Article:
The magnitude 3.6 earthquake that struck Westwood on Monday night was small and caused no damage. The deadly 7.1 earthquake that struck hours later in Mexico City caused buildings to collapse and resulted in a significant number of deaths.
Both are reminders that a much bigger and more damaging quake eventually will hit Southern California.
Here’s some tips on how to turn quake anxiety into positive action.
Small preparations can make a big difference
Some of the scenarios for a major earthquake are grim.
The U.S. Geological Survey published a hypothetical scenario of what a magnitude 7.8 earthquake on the San Andreas Fault would look like. The death toll could be one of the worst for a natural disaster in U.S. history: nearly 1,800, about the same number of people killed in Hurricane Katrina. More than 900 could die from fire; more than 400 from the collapse of vulnerable steel-frame buildings; more than 250 from other building damage; and more than 150 from transportation accidents, such as car crashes because of stoplights being out or bridges being broken.
But creating earthquake kits and making other preparations can be life-saving.
Making where you live and work safer
Cities across California have in recent years moved to require seismic retrofitting of so-called “soft story” apartments and brittle concrete buildings.
But experts say homeowners should get their single-family homes bolted and braced. A Times columnist recently had his home checked out and tells the story.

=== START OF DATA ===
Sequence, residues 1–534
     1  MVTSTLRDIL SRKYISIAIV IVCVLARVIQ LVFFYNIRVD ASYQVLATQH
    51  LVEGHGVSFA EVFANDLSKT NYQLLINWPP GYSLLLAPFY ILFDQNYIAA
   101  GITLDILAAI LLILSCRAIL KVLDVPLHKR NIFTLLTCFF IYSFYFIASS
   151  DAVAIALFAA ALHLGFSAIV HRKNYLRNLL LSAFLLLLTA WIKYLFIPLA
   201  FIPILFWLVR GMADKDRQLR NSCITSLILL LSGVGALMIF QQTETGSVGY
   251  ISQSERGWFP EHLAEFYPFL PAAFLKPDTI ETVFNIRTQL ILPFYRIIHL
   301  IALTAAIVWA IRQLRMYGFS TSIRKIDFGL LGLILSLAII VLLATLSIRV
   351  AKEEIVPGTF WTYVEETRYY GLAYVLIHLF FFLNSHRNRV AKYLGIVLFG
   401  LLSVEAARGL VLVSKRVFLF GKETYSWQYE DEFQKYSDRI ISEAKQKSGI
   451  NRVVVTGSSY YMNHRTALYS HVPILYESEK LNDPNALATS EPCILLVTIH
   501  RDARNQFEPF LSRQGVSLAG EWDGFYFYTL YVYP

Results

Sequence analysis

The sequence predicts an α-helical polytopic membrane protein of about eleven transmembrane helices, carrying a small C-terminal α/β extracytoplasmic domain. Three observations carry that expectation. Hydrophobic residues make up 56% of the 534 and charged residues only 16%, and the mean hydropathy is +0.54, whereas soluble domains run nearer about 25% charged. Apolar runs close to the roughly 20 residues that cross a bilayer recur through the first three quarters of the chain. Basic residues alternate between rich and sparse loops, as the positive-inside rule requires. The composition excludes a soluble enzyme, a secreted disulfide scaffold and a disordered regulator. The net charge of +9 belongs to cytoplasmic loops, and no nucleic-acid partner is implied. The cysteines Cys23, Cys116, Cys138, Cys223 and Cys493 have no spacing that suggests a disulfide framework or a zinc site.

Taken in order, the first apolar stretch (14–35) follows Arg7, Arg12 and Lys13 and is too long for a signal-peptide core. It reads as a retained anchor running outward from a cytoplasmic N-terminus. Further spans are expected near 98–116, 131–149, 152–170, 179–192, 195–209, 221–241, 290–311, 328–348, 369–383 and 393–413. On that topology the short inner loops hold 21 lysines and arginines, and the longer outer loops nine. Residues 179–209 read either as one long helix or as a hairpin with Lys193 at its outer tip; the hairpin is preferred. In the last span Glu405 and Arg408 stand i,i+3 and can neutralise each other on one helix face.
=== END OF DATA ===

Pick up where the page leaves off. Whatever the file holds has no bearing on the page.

Here is more information.
Drop, cover and hold. Don’t stand up during an earthquake
If an earthquake hits, you’re better off taking cover under a table, and away from windows, than standing in a doorway. The USGS calls the latter “outdated advice” that can leave people susceptible to being knocked down. Identify areas in your house to take cover, protect your neck and head and steer clear of items that could fall.
If you’re outside, stay away from telephone poles or lights that could fall. If you’re driving, pull over somewhere safe and avoid trees and overpasses.
This might be easier said than done, but as with any disaster, remaining calm is crucial. Just remember, the odds of dying in an earthquake are small. As The Times reported earlier this year, it’s a 1 in 20,000 chance over the course of a lifetime.
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2:30 p.m.: This article was updated with information about the Mexico City quake.
This article was originally published at 8:15 a.m.